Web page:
Uttlesford’s tax crackdown on households

HUNDREDS of additional households in Uttlesford are being chased for not paying their council tax under the Government’s new benefits system.

More than 500 extra cases of non-payment are being pursued by Uttlesford District Council (UDC), bringing the total to 1,255, up from 734 in the two-month period from April to May last year.

In May, UDC also sent an additional 890 reminder letters due to unpaid bills, compared to 2012.

The legal action follows changes to the benefits system which came into force on April 1, affecting nearly 1,250 homes in Uttlesford.

A national council tax benefit scheme was scrapped and UDC now receives a fixed grant which it has to decide how to spend.

Many people who had previously paid nothing towards their bills now have to contribute a maximum of 8.5 per cent. Others have to make a bigger contribution than previously.

Elderly people and households with disabled people or carers were protected from the reform – which is still the most generous scheme throughout Essex.

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Uttlesford Citizens Advice Bureau has warned the change could affect people’s ability to pay their rent, resulting in eviction and an increase in homelessness.

The cumulative affects of the cuts could be disastrous, said social policy manager Kelly Dorrington.

She said: “This increase in action by UDC due to non-payment is a concern and those who have been impacted by both the council tax support changes and ‘bedroom tax’ increases should be made aware that they are in danger of losing their home, as well as the remote possibility of prison, if they do not pay the difference.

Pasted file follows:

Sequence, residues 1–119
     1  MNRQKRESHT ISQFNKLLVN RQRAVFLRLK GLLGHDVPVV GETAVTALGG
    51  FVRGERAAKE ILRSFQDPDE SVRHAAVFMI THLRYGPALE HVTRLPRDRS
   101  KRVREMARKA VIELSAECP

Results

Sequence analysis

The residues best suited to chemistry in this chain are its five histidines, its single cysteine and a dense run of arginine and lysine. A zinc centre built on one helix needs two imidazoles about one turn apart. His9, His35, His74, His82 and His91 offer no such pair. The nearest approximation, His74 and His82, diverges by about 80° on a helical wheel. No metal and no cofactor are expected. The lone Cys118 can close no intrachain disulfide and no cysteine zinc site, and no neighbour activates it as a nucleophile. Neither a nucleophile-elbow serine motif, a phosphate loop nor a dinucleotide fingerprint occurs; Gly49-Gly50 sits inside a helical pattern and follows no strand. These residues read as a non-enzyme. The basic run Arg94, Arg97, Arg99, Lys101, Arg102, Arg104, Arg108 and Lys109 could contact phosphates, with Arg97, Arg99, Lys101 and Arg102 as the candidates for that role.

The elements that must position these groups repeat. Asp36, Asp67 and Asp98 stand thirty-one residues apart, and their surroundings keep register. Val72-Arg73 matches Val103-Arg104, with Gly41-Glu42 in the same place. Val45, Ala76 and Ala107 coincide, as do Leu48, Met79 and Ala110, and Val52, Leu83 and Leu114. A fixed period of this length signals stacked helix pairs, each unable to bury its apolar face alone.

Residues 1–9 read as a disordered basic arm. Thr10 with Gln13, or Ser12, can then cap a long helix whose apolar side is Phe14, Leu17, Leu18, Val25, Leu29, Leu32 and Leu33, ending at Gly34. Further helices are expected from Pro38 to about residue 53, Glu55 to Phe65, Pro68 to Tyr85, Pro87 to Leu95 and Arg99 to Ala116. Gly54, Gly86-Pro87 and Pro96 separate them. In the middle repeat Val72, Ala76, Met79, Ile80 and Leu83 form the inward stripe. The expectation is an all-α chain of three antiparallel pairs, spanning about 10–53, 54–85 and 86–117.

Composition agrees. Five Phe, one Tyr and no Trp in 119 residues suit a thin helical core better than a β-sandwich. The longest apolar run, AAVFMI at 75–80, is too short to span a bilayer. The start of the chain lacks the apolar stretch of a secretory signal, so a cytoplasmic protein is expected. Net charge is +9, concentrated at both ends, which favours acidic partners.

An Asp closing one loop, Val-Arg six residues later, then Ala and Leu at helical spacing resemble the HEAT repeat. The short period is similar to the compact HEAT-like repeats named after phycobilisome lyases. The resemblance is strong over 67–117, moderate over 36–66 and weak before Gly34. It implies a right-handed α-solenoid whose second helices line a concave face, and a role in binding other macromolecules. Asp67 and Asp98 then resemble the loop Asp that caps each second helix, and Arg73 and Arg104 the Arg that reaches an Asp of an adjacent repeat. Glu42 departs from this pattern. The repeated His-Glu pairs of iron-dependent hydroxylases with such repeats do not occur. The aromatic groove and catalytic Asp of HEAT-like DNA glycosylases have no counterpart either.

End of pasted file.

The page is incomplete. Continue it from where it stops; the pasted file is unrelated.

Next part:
“We urge everyone to pay their priority bills such as rent and council tax first. If you are struggling to do that and can’t find the money to pay without going into debt, please come and see us.”

Other welfare reforms are also beginning to bite, including the introduction of the so-called “bedroom tax”.

Since April, payouts to housing benefit claimants have been reduced if they have empty bedrooms, by 14 per cent for one and 25 per cent for two or more.

In total, 272 households in the district have been affected.

A UDC spokesman said the authority had been proactive prior to the introduction of changes to council tax support.

He said: “The council has previously identified those residents likely to be affected by the welfare reform changes and contacted them directly to offer help and advice with their council tax.

“We always contact residents before and after summonses are issued in an effort to come to a mutually agreeable payment arrangement, and to make them aware of what support is available to them via other organisations.”

• Any resident having difficulties paying council tax should speak to the council’s revenues collection officer on 01799 510510 or by e-mail at revenues@uttlesford.gov.uk